# Wrong solution for Green function of one-dimensional Poisson equation

An old electrodynamics exam question asks:

"Find the Green function (for the one-dimensional Poisson equation) that solves the equation $$\frac{d^2}{dx^2}G(x,x') = -\delta(x-x').$$ Choose the boundary conditions so that $$G(x,x')$$ is translation invariant (i.e. dependent only on $$x-x'$$). "

My solution would be to introduce r = x - x' and write for the homogeneous case (r=/=0)

$$\frac{d^2}{dr^2} G(r) = 0$$

Then, on either side of zero, G has to be linear in r:

$$G(r) = (ar+b) \theta(r) + (cr +d) \theta(-r)$$

with the Heavise theta function $$\theta$$. Integration of the non-homogenous differential equation over the singularity then yields

$$\left [\frac{d}{dr} G \right]_{-\epsilon}^{\epsilon} = -1$$

With the expression for the Greens function found above, this is just

$$a-c=1$$

So in my opinion, we have found the Green function (just substituting r = x - x' back)

$$G(x,x') = \left[ a(x-x')+b \right] \theta(x-x') + \left[ (a+1)(x-x')+d\right] \theta(x'-x)$$

However, the solution says that the Green function is actually

$$G(x,x') = -\frac{1}{2} |x-x'| +const$$

In my opinion, these are not equivalent at all or at least I don't see how (I have three constants and they have just one). How can I get from one expression to the other or what is wrong in my derivation?

• Should it depend on $x-x^\prime$ or on the absolute value of it?! Apr 1 at 11:58
• The question said it should only depend on x-x' (so not necessarily just the absolute value).
– F L
Apr 1 at 12:00
• I might be wrong here, but isn't the general solution of this differential equation always translationally invariant? What I mean is that the general form of the fundamental solution to $F^{\prime\prime}(x)=\delta(x)$ is given by $F(x)=x\theta(x)+cx+d$ for some constants $c,d\in\mathbb R$. Now my guess is that your case is a trivial modification, i.e. changing the differential equation appropriately, I guess that the solution only changes by the substitution $x\to x-x^\prime$, but I haven't tried. Apr 1 at 12:39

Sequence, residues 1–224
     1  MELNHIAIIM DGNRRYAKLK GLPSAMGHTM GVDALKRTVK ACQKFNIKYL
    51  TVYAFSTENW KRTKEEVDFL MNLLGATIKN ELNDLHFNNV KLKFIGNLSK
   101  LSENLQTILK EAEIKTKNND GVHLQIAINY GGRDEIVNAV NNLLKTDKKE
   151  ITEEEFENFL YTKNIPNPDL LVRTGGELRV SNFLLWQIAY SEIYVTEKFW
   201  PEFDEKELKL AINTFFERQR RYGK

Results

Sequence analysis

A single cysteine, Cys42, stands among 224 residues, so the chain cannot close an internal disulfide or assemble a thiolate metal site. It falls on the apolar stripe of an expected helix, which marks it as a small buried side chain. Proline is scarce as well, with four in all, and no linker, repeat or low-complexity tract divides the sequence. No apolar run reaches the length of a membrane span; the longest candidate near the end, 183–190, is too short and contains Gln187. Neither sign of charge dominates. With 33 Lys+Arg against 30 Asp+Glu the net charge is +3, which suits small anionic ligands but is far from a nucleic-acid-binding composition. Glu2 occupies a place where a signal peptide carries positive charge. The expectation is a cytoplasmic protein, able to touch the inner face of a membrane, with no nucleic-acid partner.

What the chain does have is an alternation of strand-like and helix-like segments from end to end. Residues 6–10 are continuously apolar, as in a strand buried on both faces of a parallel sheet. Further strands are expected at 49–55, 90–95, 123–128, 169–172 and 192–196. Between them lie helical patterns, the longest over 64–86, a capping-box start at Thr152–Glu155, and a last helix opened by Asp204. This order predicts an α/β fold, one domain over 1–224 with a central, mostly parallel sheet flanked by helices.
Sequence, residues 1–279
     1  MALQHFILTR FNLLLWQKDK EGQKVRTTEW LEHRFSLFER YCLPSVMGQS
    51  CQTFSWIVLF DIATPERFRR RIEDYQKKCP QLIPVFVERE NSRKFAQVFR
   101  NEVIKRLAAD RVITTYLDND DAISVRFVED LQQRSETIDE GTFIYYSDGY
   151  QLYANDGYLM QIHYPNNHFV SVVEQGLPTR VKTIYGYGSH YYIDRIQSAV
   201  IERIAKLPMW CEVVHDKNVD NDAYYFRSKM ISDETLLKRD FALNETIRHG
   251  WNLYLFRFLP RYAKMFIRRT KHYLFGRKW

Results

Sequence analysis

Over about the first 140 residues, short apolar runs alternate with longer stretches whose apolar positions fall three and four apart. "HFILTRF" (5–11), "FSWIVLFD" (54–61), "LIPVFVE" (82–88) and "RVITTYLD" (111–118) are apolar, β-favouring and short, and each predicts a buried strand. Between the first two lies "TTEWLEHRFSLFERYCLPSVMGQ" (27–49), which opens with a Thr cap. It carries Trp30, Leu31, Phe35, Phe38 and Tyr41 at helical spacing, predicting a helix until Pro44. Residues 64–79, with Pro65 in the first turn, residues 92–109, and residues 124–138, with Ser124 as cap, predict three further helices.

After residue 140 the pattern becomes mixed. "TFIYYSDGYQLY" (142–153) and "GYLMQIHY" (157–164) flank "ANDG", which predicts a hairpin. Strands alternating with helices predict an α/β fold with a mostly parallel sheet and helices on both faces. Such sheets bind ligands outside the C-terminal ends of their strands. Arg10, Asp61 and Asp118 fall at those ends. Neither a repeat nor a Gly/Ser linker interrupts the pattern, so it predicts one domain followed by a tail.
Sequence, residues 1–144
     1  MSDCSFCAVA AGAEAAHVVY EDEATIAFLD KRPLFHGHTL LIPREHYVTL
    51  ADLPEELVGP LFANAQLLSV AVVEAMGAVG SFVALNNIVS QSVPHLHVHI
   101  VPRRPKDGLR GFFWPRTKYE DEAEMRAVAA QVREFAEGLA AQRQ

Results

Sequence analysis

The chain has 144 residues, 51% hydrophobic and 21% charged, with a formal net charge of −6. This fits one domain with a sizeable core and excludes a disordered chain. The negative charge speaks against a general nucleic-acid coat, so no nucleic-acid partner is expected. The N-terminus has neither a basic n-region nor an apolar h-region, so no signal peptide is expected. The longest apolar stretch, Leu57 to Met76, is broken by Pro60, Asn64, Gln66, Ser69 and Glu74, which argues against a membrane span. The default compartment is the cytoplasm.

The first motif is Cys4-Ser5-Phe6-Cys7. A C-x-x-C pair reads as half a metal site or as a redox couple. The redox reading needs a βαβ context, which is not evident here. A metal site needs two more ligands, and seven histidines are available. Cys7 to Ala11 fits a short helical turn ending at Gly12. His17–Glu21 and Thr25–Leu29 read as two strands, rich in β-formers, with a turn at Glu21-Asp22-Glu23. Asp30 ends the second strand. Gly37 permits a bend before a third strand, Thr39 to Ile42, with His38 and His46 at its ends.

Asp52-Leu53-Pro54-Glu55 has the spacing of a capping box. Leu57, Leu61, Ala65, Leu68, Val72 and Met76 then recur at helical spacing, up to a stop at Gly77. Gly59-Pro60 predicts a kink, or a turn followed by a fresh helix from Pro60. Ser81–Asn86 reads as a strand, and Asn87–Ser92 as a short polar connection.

• There are boundary conditions in the infinity. Note that this is the solution for the field if an infinite charge sheet. Apr 1 at 12:49
• Re "Heavise": Not "Heaviside"? Apr 2 at 19:30

Integration over the singularity not only yields $$\Big[\frac{d}{dr} G \Big]_{-\epsilon}^{\epsilon} = -1$$ but also: $$\big[G \big]_{-\epsilon}^{\epsilon} = 0.$$ That will fix $$b$$ and $$d$$ to be equal to the "const" of the second solution.
This still leaves your $$a$$ as a free parameter. So you are right that without further restrictions the second solution is not the only one. A further restriction could be to impose reflection symmetry (which would be natural), but if the text does not say that, $$a$$ will be undetermined.
• Sorry I forgot to explain that, but as mentioneed in in the other answer by @Hyperion we have to avoid the $\delta'(r)$ term in $G''(r)$, because the purpose of a Green function is to give us the solution for a source term of just $\delta(r)$, nothing else (it's in your first equation). Apr 1 at 19:29
The general solution of $$G^{\prime \prime}(r)=-\delta(r) \tag{1} \label{1}$$ for the Green function $$G(r)$$ can indeed be obtained from your ansatz $$G(r)=(ar+b) \theta(r)+(cr+d) \theta(-r). \label{2} \tag{2}$$ From $$G^\prime (r)=a \theta(r)+c\theta(-r)+(b-d)\delta(r) \tag{3} \label{3}$$ we infer $$b=d$$ because of the absence of a term $$\sim \delta^\prime(r)$$ on the right-hand-side of \eqref{1}. Thus we obtain $$G^{\prime \prime}(r)=(a-c)\delta(r), \tag{4}$$ where comparison with \eqref{1} yields $$a-c=-1$$. Expressing $$c$$ and $$d$$ in terms of $$a$$ and $$b$$, the general solution of \eqref{1} is given by $$G(r)= ar +r\theta(-r)+b, \tag{5} \label{5}$$ where the relation $$\theta(r)+\theta(-r)=1$$ was used. The presence of the two free parameters $$a$$, $$b$$ in \eqref{5} reflects the fact that the Green function is not uniquely determined by \eqref{1} but only up to an arbitrary solution of the homogeneous equation. Choosing $$a=-1/2$$ one finds indeed $$G(r)=-r/2 +r \theta(-r)+b =-|r| /2+b \tag{6}$$ as a possible solution for the Green function.